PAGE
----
Knee problems can have a major impact on your life. They can limit your mobility and have a negative impact on essential day-to-day activities such as walking, running, kneeling, and standing. Orthopedists (doctors who specialize in bones, muscles, and joints) have a battery of tests available to them for the diagnosis of knee problems. In general, orthopedists diagnose knee problems by using:
- Physical examination
- Imaging tests, such as X-rays, CAT scan, or MRI
- Arthroscopic Surgery.
On your first visit to the orthopedist, the doctor will often use basic techniques to try to evaluate the source of your knee problem. Your doctor will:
Visually inspect your knee for any swelling, redness, or changes in the color of your skin, as well as any possible deformities.
Palpate (touch and feel) your knee for warmth or coolness, swelling, tenderness, and to test your ability to feel sensations in the knee area.
Test the range of motion of your knees (how far can you bend your knee, for example) and listen carefully to the sounds your knee makes when it moves, such as popping, clicking, or grinding.
Your doctor will also ask you to move your leg and knee joint and evaluate your mobility.
Imaging tests use different techniques to painlessly look into the body and take “pictures” or images of the area. The most common imaging tests used to diagnose knee conditions include:
- X-rays that detect fractures, joint alignment, and bone spurs.
- CT scans that show pictures of soft tissues such as ligaments and muscles.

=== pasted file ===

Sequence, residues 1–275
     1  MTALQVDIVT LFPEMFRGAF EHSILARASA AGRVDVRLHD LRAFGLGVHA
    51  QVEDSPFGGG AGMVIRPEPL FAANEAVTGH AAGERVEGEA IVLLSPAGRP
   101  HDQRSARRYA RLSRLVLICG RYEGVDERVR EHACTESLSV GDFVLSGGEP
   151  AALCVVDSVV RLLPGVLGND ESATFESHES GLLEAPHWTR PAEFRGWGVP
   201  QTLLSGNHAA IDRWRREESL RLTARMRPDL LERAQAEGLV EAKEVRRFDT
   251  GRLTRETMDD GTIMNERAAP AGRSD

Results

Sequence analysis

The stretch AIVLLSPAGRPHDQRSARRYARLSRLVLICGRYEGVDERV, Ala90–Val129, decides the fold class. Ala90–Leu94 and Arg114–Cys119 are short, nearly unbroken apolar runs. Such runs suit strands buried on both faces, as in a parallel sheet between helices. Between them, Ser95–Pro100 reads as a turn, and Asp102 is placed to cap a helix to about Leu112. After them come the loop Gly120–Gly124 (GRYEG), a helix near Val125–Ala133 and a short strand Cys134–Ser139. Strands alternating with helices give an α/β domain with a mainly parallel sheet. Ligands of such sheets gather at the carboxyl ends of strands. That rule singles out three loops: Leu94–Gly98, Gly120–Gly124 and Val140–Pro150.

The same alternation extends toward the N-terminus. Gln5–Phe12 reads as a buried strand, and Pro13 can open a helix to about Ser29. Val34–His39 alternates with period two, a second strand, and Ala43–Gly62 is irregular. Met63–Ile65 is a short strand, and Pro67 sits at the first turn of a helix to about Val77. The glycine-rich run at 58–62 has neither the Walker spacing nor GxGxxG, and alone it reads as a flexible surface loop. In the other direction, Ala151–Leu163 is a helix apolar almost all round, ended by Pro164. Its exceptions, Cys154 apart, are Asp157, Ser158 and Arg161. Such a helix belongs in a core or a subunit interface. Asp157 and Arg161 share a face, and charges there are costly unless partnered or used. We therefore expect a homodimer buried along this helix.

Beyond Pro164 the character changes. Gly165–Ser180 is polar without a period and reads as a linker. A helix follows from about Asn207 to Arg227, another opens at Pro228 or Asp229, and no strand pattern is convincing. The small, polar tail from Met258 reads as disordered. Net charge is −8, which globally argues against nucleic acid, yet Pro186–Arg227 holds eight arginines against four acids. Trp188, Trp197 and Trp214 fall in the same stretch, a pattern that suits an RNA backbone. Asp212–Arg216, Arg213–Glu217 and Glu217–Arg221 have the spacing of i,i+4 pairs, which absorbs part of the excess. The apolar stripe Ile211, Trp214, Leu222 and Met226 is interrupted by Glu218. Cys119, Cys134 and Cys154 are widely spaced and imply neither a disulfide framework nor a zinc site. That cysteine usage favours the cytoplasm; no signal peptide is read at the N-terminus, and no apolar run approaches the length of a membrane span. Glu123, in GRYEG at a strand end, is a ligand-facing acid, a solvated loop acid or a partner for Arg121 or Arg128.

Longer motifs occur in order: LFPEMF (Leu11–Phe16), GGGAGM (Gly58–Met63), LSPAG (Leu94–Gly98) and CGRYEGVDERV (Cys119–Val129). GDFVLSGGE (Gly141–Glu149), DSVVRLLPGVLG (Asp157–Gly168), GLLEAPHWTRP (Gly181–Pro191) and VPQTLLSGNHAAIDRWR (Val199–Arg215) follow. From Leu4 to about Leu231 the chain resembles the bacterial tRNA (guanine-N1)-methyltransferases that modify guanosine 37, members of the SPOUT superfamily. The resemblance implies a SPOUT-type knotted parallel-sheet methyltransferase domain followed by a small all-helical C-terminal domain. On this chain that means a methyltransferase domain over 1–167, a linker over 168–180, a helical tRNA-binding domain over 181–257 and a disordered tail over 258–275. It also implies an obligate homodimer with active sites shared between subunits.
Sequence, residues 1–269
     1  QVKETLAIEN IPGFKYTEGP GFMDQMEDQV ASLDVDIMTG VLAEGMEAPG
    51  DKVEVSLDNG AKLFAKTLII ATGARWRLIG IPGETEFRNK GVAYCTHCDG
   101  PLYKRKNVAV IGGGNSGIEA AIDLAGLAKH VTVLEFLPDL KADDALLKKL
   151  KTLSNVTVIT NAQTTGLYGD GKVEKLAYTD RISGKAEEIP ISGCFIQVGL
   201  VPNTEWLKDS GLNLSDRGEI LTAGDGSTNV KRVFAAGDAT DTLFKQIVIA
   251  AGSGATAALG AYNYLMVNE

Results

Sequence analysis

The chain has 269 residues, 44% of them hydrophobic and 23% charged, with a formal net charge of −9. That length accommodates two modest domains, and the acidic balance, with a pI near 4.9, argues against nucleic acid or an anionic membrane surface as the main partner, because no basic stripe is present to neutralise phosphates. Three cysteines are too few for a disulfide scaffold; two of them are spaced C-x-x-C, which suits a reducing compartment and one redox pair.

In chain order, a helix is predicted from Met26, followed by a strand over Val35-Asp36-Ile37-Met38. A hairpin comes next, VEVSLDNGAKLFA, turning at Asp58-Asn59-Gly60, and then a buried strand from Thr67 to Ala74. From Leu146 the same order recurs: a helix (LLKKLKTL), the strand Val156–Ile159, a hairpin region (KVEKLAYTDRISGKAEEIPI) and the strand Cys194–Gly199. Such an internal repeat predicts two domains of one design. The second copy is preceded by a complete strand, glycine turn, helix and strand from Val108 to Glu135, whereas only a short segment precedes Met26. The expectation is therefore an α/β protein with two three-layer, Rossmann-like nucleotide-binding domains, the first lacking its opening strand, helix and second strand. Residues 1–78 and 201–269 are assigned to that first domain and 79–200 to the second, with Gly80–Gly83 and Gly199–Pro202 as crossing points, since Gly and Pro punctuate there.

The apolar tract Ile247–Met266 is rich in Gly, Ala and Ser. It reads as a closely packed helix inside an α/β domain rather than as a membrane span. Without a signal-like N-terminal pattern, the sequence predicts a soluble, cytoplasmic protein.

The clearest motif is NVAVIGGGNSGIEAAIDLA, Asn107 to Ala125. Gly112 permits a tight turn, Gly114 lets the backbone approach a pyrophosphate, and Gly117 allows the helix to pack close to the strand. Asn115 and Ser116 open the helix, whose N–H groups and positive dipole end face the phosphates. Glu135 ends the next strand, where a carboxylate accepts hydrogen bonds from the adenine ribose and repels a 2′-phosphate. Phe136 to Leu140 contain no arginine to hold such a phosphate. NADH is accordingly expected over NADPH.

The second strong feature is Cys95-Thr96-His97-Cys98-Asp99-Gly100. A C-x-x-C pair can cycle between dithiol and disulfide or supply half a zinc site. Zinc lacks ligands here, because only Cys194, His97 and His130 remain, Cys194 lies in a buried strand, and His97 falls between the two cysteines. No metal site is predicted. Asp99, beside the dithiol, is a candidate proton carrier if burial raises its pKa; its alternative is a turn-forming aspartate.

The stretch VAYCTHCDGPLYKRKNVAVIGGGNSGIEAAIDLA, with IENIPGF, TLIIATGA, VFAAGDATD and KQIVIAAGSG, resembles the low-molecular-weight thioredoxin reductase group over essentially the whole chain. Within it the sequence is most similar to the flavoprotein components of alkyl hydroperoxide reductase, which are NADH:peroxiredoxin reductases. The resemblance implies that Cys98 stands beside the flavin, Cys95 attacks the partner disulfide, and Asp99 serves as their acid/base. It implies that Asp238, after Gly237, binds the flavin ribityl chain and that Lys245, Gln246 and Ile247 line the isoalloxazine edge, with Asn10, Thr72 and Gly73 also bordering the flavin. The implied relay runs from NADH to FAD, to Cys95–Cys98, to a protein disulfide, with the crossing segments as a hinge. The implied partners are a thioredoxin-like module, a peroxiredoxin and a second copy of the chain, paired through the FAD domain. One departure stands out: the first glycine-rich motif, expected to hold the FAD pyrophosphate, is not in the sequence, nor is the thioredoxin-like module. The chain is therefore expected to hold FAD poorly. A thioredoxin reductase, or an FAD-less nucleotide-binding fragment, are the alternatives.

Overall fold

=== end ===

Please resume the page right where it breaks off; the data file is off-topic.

- MRIs that provide detailed images from many different angles of the structures inside the knee joint including bones, cartilage, and blood vessels.
Arthroscopy uses a miniature camera threaded into the body via a small incision to see the inside of your knee in detail. Although arthroscopic surgery can also be used to treat the damaged area, it is commonly utilized as a minimally invasive technique to get a clear image of the inner anatomy.
Manual resistance tests
Orthopedists perform these specialized tests by applying pressure, pulling, moving, bending, and turning the knees and legs. Each of these tests focus on finding a specific problem. Below are some of these tests:
Valgus and varus tests use applied stress on the knee with simultaneous immobilization of the ankle. These tests measure the stability of your tibia and femur (the leg bones above and below your knee) in relation to the joint. These tests are very valuable for diagnosing problems with ligaments and tendons.
In an Apley’s compression test, the doctor uses slight force to evaluate the state of the knee meniscus (the rubber-like tissue that cushions the area between the shinbone and thighbone).
Patellofemoral compression tests put pressure on the patella (the kneecap) and the thighbone to determine whether there are problems in that particular area.
Your orthopedist will determine which test or tests need to be used during your exam to come to the most precise diagnosis. Board-certified orthopedic surgeon Dr. Bill Hefley is devoted to treating a broad range of conditions affecting the shoulder, hip, and knee. If you have any questions about knee pain and diagnosis, call us at (800) 336-2412 or use our Online Appointment Request Form.